An independent taskforce review of workplace health and safety in New Zealand has recommended sweeping changes, and said the current system has "significant weaknesses''.
The report presented to Minster of Labour Simon Bridges this morning said the taskforce was "deeply concerned'' about the heath and safety performance of New Zealand workplaces.
Taskforce chairman, Rob Jager said today the current system was "not fit for purpose''.
"We believe there is no single critical factor that can account for New Zealand's high rate of serious injuries and fatalities suffered at work.
"Rather, we believe that our workplace health and safety system has a number of significant weaknesses across the full range of system components that need to be addressed if we are to achieve a major step-change in performance.''
Some of the 12 major weaknesses identified included confusing regulation, a weak regulator, poor worker engagement, and inadequate leadership.
The report also noted there was no comprehensive or reliable data set for monitoring workplace fatal injury rates, and said the lack of data left the taskforce with a "profound sense of unease''.
The report said five industries - manufacturing, construction, agriculture, forestry and fishing - accounted for more than half of workplace injury claims.
Its recommendations included creating a new, stand-alone, well-resourced health and safety agency, enacting a new health and safety act, and changes to many other related laws.
Changes would include rewards for businesses with good performance and higher penalties for those with poor performance, including extending the manslaughter offence to corporations.
Mr Jager said if the reforms were implemented, a 25 per cent reduction in the rate of fatalities and serious workplace injuries by 2020 was realistic.
The Independent Taskforce on Workplace Health and Safety was established by the Labour Minister. It released a consultation document last year and has considered hundreds of submissions.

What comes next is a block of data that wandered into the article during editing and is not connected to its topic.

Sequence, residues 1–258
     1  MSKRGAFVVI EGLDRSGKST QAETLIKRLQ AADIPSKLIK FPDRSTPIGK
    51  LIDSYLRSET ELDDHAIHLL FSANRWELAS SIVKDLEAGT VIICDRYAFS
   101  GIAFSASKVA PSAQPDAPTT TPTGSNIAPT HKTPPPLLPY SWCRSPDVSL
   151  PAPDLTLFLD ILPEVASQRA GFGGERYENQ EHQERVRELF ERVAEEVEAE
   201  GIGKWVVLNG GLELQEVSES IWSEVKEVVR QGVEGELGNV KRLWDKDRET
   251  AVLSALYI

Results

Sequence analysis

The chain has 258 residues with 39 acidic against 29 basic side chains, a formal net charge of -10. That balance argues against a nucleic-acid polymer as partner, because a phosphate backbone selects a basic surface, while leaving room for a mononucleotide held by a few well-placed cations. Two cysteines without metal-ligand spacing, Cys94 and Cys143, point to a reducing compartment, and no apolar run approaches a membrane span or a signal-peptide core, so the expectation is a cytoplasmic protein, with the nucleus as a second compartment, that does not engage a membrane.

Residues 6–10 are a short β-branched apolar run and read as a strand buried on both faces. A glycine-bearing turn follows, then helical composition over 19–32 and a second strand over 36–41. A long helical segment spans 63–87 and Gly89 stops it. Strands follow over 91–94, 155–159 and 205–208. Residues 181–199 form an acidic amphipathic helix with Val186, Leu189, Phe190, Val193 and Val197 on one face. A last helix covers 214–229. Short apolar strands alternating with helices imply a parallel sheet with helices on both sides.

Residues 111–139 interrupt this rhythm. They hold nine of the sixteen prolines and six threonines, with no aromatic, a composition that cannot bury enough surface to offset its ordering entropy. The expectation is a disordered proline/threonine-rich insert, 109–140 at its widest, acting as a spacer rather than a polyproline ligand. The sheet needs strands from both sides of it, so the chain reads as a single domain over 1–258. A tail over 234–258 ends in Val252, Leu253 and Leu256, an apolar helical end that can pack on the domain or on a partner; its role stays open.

CTU President Helen Kelly said the report clearly supported the call for an urgent review of the forestry industry.
The industry was one of five sectors identified as being responsible for more than half of all workplace injury claims, along with manufacturing, construction, agriculture and fishing.
"One of the very good things the Government could do is have a look at those industries, and we'd say start with forestry.''
Labour Party labour spokeswoman Darien Fenton also backed calls for an inquiry into forestry, and said the Government should also withdraw its Employment Relations Amendment Bill.
"We have a government that's introducing labour law changes that will make it even harder for workers to have rights at work.''
Mr Bridges said the taskforce had confirmed a rethink of work health and safety practices was necessary.
"The Government has already accepted the Taskforce's early recommendation for a new stand-alone health and safety agency,'' he said.
"We will respond in detail to the rest of the recommendations by July.''
Families of Pike River mine victims say they will ensure that recommendations from the health and safety taskforce are acted on.
Spokesman Bernie Monk said many of the families had spoken at length with the taskforce, and supported its call for major reforms in workplace health and safety.
"One of the biggest things for the families' point of view is to make sure they actually happen,'' Mr Monk said.
"It's one of the legacies that the Pike River families want to leave. Our job is about to start now, to make sure they get put in place.''
Mr Monk said those responsible for workplace accidents needed to be held accountable, which had not happened following the Pike River tragedy.
"Everyone's sorry but no one's said it's their fault and no one's been held accountable for what happened down there in the mine,'' he said.